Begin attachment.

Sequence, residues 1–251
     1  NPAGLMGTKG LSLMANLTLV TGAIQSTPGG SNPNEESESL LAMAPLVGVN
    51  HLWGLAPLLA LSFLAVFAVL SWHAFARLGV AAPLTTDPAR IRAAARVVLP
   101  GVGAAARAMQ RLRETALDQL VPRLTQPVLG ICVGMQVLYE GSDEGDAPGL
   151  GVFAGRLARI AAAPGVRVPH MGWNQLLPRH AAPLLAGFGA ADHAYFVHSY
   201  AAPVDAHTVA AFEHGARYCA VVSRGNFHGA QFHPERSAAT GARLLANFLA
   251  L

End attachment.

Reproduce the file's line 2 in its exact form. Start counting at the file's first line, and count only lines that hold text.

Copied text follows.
     1  NPAGLMGTKG LSLMANLTLV TGAIQSTPGG SNPNEESESL LAMAPLVGVN